Tocotrienols: Mother Nature's Gift to the Brain

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Vitamin E is essential for neurological function. Eight substances are known to have vitamin E activity in nature, namely α-, β-, δ-, and γ-tocopherol and α-, β-, δ-, and γ-tocotrienol. Tocotrienols are similar to tocopherols except that they have an isoprenoid tail with three unsaturation points instead of a saturated phytyl tail. Abundantly found in palm oil, tocotrienols made up less than 1% of all papers on vitamin E listed in PubMed for several decades. Recent developments have shown that tocotrienols possess powerful neuroprotective effects and play a central role in maintaining neurological structure and function. Indeed, such potent antioxidative and anti-inflammatory properties are often not exhibited by tocopherols. Orally supplemented tocotrienols could effectively reach the brain and the cerebrospinal fluid. At nanomolar concentration, alpha-tocotrienol—not alpha-tocopherol—prevents neurodegeneration and safeguards neurons by an antioxidant-independent mechanism. It shields the brain against oxidative insult as well as glutamate-induced injury. Its strong antioxidant properties could also help in protecting the nerve cells while delaying cognitive deterioration in Alzheimer’s disease. Though the role of tocotrienol in preventing Parkinson’s disease is conflicting, recent evidence about its antioxidative and non-oxidative mechanism in mitigating Parkinson’s disease is promising. With regard to ischaemic stroke, tocotrienols were shown to induce TIMP1 expression and consecutively adaptive atherogenesis in response to focal cerebral ischemia. Similarly, they could help attenuate brain lesion volume and retard the progression of white matter lesion (WML). Oral administration of tocotrienols minimises infarct volume and protects against stroke-induced lesion in the brain of hypertensive animal models. Another effect of tocotrienols is in preventing brain cancer; this is achieved through a variety of mechanisms such as its antiproliferative effects, induction of apoptosis, and cell cycle arrest. It is now proven that tocotrienols induce apoptosis via a mechanism of action different from that of tocopherols. Moreover, tocotrienol works on aggressive tumours such as glioblastomas via its potential antiangiogenetic activity and apoptosis induction in endothelial cells. Additionally, it downregulates vascular endothelial growth factor (VEGF), fibroblast growth factor (FGF), and epidermal growth factor (EGF). Though the role of tocotrienols in traumatic brain injury (TBI) remains to be defined, tocotrienols have been postulated to counteract the effects of oxidative insult in TBI. For all its merits, it would be a fitting tribute to qualify tocotrienol as mother nature’s gift to the brain.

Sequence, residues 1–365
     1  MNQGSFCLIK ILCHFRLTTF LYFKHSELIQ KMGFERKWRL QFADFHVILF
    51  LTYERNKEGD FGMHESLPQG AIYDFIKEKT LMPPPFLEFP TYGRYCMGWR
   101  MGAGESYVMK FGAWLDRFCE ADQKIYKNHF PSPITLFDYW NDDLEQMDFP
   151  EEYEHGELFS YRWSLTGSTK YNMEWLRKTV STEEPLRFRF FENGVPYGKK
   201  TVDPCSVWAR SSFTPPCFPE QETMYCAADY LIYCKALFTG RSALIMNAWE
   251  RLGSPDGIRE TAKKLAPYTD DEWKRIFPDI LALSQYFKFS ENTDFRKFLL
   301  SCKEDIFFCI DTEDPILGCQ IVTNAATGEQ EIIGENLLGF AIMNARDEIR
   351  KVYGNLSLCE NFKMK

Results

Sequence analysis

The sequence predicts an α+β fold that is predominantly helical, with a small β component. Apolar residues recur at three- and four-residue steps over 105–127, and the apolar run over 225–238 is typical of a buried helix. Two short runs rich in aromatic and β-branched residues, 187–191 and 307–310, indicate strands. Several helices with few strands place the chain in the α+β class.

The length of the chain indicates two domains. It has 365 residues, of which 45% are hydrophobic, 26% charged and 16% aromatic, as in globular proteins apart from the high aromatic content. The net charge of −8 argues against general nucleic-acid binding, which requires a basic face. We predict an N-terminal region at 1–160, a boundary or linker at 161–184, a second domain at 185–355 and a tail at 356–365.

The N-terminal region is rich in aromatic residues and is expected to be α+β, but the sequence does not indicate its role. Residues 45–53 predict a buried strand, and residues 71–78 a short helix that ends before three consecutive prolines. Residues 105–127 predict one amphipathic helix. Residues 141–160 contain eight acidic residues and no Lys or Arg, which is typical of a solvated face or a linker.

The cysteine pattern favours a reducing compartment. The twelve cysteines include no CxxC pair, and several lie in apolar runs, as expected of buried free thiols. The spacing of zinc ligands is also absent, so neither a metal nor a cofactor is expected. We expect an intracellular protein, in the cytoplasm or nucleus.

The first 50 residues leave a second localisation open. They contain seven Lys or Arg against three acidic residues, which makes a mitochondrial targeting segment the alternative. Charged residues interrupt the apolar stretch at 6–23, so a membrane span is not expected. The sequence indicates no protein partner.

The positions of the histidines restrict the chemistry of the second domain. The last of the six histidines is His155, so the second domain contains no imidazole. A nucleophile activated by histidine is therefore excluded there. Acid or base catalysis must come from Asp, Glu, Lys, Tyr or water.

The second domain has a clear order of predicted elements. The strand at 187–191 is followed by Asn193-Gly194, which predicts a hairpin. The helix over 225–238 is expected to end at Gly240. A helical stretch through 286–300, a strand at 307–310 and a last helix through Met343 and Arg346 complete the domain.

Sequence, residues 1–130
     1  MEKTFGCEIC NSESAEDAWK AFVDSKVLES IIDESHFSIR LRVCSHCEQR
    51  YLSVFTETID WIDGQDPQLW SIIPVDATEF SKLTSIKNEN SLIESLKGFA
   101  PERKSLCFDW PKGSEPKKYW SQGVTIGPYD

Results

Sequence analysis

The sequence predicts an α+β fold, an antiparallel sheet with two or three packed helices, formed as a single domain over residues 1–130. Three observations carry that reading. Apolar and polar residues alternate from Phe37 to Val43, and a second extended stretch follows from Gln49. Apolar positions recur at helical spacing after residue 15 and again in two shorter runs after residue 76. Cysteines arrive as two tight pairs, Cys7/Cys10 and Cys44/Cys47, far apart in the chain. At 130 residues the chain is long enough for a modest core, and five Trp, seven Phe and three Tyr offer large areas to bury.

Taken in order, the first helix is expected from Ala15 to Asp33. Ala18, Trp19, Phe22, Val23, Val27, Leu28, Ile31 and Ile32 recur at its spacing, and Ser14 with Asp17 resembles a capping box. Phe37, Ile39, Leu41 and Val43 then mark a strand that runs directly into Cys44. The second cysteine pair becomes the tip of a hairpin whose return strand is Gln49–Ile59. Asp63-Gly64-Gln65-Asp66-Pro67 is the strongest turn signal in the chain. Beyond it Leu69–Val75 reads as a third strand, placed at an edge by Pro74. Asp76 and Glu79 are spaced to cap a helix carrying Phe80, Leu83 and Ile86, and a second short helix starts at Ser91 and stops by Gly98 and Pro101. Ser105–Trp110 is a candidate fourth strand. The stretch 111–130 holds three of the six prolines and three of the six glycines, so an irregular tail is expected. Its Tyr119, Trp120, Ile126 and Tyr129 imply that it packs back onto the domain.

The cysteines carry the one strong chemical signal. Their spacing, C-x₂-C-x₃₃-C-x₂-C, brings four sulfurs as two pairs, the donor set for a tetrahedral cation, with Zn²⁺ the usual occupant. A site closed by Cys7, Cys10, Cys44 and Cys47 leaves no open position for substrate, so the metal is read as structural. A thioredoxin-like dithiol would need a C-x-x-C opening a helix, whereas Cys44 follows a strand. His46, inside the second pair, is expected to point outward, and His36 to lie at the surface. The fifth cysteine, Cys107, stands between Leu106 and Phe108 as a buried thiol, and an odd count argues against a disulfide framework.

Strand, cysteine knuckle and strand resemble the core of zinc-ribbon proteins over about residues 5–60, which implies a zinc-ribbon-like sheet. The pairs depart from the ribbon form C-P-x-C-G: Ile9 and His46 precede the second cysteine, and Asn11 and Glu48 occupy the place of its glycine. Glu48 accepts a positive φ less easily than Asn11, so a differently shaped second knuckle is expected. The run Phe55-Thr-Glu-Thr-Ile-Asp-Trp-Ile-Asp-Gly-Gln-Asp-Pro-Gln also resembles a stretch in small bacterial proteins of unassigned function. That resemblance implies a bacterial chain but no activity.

Original languageEnglish
Title of host publicationRole of Micronutrients in Brain Health
EditorsWael Mohamed, Toshihide Yamashita
Place of PublicationSingapore
Number of pages20
ISBN (Electronic)9789811664670
ISBN (Print)9789811664663
Publication statusPublished - 30 Mar 2022

Publication series

NameNutritional Neurosciences
ISSN (Print)2730-6712
ISSN (Electronic)2730-6720


  • Tocotrienols
  • Neuroprotection
  • Neurodegeneration
  • Antioxidative
  • Anti-inflammatory

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